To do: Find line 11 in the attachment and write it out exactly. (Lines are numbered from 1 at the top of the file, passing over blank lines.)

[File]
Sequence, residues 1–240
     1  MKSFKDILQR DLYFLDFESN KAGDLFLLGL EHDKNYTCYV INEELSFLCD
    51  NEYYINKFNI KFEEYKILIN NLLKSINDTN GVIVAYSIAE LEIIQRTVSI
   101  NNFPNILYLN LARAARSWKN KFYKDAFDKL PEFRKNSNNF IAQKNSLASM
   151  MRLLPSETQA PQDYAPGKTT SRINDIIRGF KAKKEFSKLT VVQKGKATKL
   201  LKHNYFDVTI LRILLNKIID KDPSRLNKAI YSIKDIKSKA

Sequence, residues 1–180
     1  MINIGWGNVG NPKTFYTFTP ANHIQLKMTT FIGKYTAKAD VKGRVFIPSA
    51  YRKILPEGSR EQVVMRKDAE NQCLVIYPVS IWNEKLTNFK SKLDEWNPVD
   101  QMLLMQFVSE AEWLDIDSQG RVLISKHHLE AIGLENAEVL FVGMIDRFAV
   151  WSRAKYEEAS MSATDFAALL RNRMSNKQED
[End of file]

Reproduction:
   151  WSRAKYEEAS MSATDFAALL RNRMSNKQED